Channel 4’s NewsWall presents the news, in GIFs

Channel 4 has launched a brilliant new website presenting daily headlines from around the world as GIFs, which aims to repackage online news in a format appealing to teens and young adults…

Channel 4 has launched a brilliant new website presenting daily headlines from around the world as GIFs, which aims to repackage online news in a format more appealing to teens and young adults…

Hosted on Tumblr, the NewsWall is aimed at 16-34-year-olds and features a rolling feed of news stories repurposed as GIFs. Users can click on GIFs to read a more detailed summary of each story, and access a link to the original source.

The concept was devised by 4Creative’s Jack Croft and Stacey Bird, who worked with illustrator Chris Rice to create the GIFs featured on the site so far. The trio have been based at ITN’s headquarters since the site’s launch, working with the news production team to curate a new selection of stories each day.

“We are managing to do about 9 a day – with copywriting and research, GIF creation and sign off this is the most we can physically do,” Croft, Rice and Bird told CR. The group won’t be based at ITN permanently, and will soon be handing responsibility for GIFs over to the Channel 4 News team, but say they will still make the occasional GIF from their offices at 4Creative.

As Croft and Bird explain, creating GIFs based own serious news stories that will appeal to younger audiences is a tricky task, but the site perfectly captures Channel 4’s irreverent tone of voice, providing humorous and silly imagery (such as the GIF created for an article about Milifandom, below) alongside more hard-hitting content on recent xenophobic attacks in South Africa and the news that ISIS was allegedly masterminded by a former spy for Sadam Hussein. While many GIFs link to Channel 4 news content, the site also contains articles from around the web, explain Croft and Bird.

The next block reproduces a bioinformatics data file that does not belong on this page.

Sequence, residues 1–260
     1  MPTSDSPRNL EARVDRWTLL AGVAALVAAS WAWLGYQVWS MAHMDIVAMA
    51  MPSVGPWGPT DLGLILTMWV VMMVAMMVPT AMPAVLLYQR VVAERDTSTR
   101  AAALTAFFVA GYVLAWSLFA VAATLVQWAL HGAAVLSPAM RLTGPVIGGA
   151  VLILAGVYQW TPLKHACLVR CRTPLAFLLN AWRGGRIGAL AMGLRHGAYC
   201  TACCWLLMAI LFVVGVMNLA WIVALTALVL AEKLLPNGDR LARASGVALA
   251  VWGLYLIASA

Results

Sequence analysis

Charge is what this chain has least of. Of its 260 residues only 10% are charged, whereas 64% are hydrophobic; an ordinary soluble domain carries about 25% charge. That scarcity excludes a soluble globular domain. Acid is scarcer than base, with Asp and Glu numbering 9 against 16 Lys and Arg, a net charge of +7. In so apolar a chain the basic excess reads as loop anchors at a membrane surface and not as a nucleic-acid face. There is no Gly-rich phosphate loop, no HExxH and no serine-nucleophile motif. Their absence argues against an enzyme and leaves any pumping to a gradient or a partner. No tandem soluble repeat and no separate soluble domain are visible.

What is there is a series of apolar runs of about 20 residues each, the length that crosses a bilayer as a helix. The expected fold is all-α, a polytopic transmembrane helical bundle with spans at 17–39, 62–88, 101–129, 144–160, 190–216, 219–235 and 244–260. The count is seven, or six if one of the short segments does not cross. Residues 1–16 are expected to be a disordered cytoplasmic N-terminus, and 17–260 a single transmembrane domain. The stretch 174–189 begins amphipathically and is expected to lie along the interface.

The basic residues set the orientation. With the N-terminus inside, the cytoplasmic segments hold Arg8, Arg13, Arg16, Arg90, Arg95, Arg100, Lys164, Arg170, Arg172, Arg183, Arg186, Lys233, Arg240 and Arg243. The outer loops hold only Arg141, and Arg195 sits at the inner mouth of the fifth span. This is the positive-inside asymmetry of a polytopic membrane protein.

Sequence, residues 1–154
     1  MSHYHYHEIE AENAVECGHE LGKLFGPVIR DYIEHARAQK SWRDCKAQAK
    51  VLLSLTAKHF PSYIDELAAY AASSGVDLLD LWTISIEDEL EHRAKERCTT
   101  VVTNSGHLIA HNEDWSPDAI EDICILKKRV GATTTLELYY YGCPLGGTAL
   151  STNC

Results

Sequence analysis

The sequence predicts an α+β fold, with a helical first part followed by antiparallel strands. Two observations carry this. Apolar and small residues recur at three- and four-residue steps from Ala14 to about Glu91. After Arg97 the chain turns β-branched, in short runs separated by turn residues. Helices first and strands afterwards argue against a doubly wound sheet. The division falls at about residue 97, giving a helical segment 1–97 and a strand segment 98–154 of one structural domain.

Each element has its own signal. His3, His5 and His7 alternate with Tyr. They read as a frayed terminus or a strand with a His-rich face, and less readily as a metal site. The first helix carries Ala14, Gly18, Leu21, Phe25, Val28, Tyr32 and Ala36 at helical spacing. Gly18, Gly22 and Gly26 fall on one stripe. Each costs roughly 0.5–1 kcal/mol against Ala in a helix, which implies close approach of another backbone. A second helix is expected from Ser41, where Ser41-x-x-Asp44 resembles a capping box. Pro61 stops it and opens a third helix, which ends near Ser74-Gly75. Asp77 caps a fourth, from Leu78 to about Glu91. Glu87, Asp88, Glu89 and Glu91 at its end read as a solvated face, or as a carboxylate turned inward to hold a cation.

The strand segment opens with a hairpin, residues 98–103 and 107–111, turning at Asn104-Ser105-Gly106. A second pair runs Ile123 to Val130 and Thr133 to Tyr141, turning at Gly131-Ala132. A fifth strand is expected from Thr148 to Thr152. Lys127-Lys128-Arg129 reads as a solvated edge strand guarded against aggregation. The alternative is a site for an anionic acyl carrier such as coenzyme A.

“To appeal to a wider audience we aren’t just covering Channel 4 News stories, so we have a range of headlines that have been curated between us and Jon Laurence – the digital editor of Channel 4 News. Plus, we sometimes need to take a judgement call and some stories just aren’t right to see in GIF,” they add.

Images are sourced from a mix of Getty and Reuters images, Channel 4 News footage and footage shot by the group on their phones. “The limitations of imagery are what has made us become more creative with the executions,” explain Croft and Bird, who describe it as “the most on-the-fly way we have ever had to work.”

 

While GIFs and memes are a staple of the internet (thousands are posted on Twitter and Facebook in response to news stories and viral videos every day), Channel 4 claims the platform is the first GIF news service of its kind. In its humour and tone of voice, it’s also reminiscent of the work Richard Turley has been doing with MTV, repurposing animations, news media and user-generated content from around the web to create GIFs and bumpers for the channel and its social media and web pages.